A Beholder, for example, gets 3 Legendary Actions using a random eye ray each round. It uses these one at a time at the end of another creature’s turn. At the start of the Beholder’s turn, it regains any spent Legendary Actions.
If the party is fighting the Beholder in its lair, it gets Lair Actions on initiative count 20. In the case of the Beholder, these allow it to manipulate the environment against the players.
These effects include making the area into difficult terrain, firing random eye rays from solid surfaces in the lair, and having grasping appendages grow the walls to attempt to restrain characters.
We’ll go into more detail about Legendary and Lair Actions in another article. For now, make sure that you, as a DM, also factor these in while considering the Action Economy of your combats.
Always Have Minions
Minions are great, aren’t they?
They can do some damage to the party, but they also work to soak up damage. Mechanically, they work to stop the party from dogpiling your Boss like we discussed earlier.
But even outside of the big fight itself, you want to have an encounter or two before the party face down the boss.
If they are coming in with all of their HP, spells, and abilities, it will be a cakewalk.
If the party has to be more cautious with their resources, it will start to tilt the Action Economy back towards a neutral and fair fight. They won’t be opening with all of their strongest abilities as they try to keep some ready for any trickery that the Boss may have in store.
By having some encounters before the boss fight and including several minions in the boss fight, you can create that dramatic moment that you are going for.
Action Economy’s Effect on Challenge Rating
The Challenge Rating system is not a perfect measurement.
Generally, the CR represents what level a party of four characters should be at for it to be a “fair” fight. But, in a game like D&D with so many options and variables, it’s virtually impossible to account for everything.
Are the party min-maxxing their characters? Do they have magical items? How many resources are they going into the fight with?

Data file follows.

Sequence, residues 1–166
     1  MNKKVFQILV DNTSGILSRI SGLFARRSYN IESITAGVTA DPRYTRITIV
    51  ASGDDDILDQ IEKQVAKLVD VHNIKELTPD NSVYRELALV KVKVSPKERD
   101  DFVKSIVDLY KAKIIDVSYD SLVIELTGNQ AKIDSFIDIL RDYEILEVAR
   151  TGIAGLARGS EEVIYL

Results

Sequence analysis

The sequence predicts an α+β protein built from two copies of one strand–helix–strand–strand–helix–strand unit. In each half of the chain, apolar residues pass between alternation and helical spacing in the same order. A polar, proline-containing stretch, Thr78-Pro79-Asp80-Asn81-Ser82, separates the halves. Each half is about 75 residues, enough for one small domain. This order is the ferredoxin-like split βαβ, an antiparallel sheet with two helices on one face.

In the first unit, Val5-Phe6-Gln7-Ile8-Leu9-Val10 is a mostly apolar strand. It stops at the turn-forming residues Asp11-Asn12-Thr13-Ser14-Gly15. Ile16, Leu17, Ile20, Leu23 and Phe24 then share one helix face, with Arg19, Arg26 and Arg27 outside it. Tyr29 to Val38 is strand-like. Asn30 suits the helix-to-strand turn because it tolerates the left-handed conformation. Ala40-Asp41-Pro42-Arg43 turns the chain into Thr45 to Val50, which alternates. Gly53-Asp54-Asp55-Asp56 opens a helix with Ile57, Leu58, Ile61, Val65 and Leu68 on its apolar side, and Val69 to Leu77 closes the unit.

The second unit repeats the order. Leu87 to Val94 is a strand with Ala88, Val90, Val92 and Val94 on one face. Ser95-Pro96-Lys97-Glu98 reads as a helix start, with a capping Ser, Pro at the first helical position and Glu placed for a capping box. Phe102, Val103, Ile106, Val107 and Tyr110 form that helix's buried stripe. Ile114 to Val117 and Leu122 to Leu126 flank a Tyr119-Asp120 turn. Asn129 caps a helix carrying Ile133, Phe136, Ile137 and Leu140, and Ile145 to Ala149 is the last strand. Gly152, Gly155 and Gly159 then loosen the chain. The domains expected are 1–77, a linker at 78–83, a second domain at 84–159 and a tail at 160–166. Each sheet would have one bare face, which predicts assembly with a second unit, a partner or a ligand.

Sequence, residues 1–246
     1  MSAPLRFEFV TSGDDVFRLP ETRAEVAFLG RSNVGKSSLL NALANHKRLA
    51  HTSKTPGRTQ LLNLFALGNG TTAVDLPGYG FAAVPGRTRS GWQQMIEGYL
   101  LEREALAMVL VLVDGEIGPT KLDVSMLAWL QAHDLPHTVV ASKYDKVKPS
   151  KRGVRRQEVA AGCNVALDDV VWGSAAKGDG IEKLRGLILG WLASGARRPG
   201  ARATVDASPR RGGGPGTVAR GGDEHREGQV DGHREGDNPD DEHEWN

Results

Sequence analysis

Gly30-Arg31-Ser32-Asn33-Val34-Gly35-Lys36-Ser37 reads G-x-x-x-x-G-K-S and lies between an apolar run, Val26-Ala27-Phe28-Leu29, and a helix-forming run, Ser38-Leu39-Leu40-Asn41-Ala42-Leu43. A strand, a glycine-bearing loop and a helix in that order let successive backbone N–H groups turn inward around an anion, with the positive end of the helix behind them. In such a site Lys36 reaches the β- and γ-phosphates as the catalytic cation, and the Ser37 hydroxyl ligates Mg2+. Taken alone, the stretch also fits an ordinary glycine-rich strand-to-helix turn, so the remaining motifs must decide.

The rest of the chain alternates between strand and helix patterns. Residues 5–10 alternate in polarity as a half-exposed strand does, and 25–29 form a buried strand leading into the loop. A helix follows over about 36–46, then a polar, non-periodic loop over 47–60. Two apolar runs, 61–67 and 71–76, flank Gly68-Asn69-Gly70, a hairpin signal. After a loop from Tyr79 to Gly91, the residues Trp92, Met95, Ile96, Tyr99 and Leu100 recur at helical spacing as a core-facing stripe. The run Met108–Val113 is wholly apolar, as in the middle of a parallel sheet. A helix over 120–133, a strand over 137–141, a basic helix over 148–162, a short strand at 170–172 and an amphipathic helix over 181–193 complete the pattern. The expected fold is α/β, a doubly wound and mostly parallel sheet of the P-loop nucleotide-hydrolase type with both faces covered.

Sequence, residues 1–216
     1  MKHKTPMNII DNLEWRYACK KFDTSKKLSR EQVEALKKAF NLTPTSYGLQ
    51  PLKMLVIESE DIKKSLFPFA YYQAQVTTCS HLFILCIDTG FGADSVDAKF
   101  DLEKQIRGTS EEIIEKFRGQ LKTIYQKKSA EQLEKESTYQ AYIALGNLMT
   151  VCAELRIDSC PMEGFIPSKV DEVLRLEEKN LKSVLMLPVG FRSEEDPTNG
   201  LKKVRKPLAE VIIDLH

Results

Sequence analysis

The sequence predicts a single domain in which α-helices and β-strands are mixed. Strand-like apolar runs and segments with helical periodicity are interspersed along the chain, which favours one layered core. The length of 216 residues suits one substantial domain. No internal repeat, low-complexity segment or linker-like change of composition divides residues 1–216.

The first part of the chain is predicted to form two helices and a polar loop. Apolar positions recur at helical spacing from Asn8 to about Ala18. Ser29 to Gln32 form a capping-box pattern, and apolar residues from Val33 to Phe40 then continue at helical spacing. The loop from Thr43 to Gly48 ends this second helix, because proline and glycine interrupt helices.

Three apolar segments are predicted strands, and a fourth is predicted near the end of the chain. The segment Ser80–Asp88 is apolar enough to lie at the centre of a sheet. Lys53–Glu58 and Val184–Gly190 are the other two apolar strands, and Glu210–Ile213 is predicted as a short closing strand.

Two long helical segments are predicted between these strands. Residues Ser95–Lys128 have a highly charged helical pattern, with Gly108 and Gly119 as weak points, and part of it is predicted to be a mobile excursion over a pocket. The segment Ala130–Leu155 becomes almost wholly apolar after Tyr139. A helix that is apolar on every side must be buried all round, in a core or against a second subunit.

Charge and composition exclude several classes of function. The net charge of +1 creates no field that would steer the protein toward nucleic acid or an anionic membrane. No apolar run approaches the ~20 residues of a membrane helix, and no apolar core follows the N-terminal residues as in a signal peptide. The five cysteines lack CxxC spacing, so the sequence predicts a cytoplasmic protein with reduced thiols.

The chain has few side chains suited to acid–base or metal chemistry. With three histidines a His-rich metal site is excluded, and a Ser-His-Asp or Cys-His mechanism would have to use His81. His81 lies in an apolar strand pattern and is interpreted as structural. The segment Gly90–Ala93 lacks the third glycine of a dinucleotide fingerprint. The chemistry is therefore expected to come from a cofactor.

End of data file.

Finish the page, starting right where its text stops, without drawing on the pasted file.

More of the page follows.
A monster’s CR is more like a general guideline for the Dungeon Master to consider when planning an encounter.
A CR 3 Manticore can rip a party of four level-three characters to shreds. Of course, in this particular encounter they have used their resources for the day, don’t have any ranged attacks, and just finished fighting some goblins (so they’re not at full hp).
But if the same party of characters haven’t used any resources, do have ranged attacks, and are at full hp… The Manticore probably won’t stand a chance despite getting three attacks per turn!
Because of this, encounters should not be planned strictly in line with a creature’s CR. It should be a combination of CR, expected resources spent, and action economy.
Conclusion – Action Economy in D&D 5e
I hope that this has helped clear up what people mean when they talk about Action Economy.
While it’s useful for players to know, DMs have to pay particularly close attention to it.
Players will want to make sure that they are getting that maximum value out of their character in combat. This is, of course, why it’s so important to read over your character sheet and learn their abilities.
For DMs, it’s a vital consideration for planning any encounter. Always shoot for that area that challenges the players but isn’t too hard or too easy. Just like Players should know what their characters can do, the DM should as well!